The 7th Circuit’s recent opinion in Martino v. MCI represents the first opportunity for that court to apply the U.S. Supreme Court’s recently clarified standard for determining liability in disparate-treatment cases brought under the ADEA. Together, the two decisions make it harder for employees to win some age discrimination lawsuits.
Q. I understand that Illinois has passed a new law requiring certain employer-provided insurance policies to cover an employee’s dependents who are up to age 26 (or up to age 30 in some instances). Which employers and which policies are affected by the new law?
Q. An employee called in sick but did not provide any information, other than that he was sick and would not be at work. He didn’t mention the FMLA by name. Was his phone call sufficient notice that he might need FMLA leave?
Q. I suspect that an employee is using illegal drugs. Does drug use qualify as a “disability” under the ADA? Do I have to provide the employee with a reasonable accommodation? Or can I terminate his employment?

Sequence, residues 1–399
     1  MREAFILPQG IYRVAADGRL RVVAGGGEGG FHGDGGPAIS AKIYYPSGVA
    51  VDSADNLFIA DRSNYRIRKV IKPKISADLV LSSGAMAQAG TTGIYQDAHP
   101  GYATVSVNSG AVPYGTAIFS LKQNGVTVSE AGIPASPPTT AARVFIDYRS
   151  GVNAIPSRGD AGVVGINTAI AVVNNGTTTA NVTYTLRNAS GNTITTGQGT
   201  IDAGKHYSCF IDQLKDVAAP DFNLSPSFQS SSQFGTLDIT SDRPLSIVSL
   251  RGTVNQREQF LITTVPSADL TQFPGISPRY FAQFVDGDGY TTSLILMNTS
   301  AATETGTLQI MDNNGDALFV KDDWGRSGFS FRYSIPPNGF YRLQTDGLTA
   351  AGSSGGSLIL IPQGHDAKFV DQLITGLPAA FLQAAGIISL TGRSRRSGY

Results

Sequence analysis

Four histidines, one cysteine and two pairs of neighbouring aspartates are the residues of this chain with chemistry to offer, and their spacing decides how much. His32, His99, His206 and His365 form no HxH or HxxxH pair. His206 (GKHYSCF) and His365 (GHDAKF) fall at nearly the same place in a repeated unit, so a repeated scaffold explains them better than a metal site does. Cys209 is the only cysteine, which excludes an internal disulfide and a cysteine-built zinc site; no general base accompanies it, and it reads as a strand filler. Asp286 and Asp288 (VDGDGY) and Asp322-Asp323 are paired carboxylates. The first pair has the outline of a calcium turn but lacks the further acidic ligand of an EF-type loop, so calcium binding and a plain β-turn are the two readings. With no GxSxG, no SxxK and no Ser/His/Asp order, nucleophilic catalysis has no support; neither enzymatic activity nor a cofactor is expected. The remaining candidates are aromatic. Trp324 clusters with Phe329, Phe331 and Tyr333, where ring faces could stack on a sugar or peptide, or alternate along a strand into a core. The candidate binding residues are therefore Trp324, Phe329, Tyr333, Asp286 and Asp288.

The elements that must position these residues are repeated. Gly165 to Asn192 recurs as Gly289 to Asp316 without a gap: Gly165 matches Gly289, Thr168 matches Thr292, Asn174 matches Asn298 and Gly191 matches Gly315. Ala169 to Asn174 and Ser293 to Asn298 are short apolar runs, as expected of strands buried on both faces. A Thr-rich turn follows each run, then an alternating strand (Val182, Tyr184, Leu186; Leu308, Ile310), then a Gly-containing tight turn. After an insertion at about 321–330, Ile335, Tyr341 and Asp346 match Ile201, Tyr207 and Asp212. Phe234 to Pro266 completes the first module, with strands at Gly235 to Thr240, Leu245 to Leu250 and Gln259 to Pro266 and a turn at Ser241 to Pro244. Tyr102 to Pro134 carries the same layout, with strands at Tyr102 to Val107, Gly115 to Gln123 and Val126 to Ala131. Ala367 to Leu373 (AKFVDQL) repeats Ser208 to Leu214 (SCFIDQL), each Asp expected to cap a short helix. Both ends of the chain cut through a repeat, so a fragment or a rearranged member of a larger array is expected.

Q. As I was reading the newspaper recently, I saw one of my employees featured in the arrest column. She had been arrested the night before for driving under the influence. Committed to maintaining a law-abiding workforce, I would like to terminate this employee. Can I?
As with many other federal employment laws, the Fair Labor Standards Act includes a retaliation provision that protects workers who complain that their employer has violated the law. Until recently, it wasn’t clear what kinds of complaints actually triggered the FLSA’s protections. That’s now changed.
Q. We’re finding that there’s been an upsurge of items missing from our warehouse inventory. Can we require our warehouse employees to submit to polygraph tests?
Under the FMLA, only employers that have 50 or more employees within 75 miles of the company’s work site are required to provide FMLA leave to their employees. The requirement is commonly known as the “50/75 rule.” Can an employer that has fewer than 50 employees within 75 miles of the company’s work site willingly agree to provide its employees with FMLA rights and benefits? That situation recently occurred in Reaux v. Infohealth Management Corp.
Q. Under our company policy, employees who are terminated because of a reduction in force are entitled to severance pay. Can we require them to execute a release in order to receive severance pay?
Q. One of our employees has asked to review his personnel file. Must we grant his request?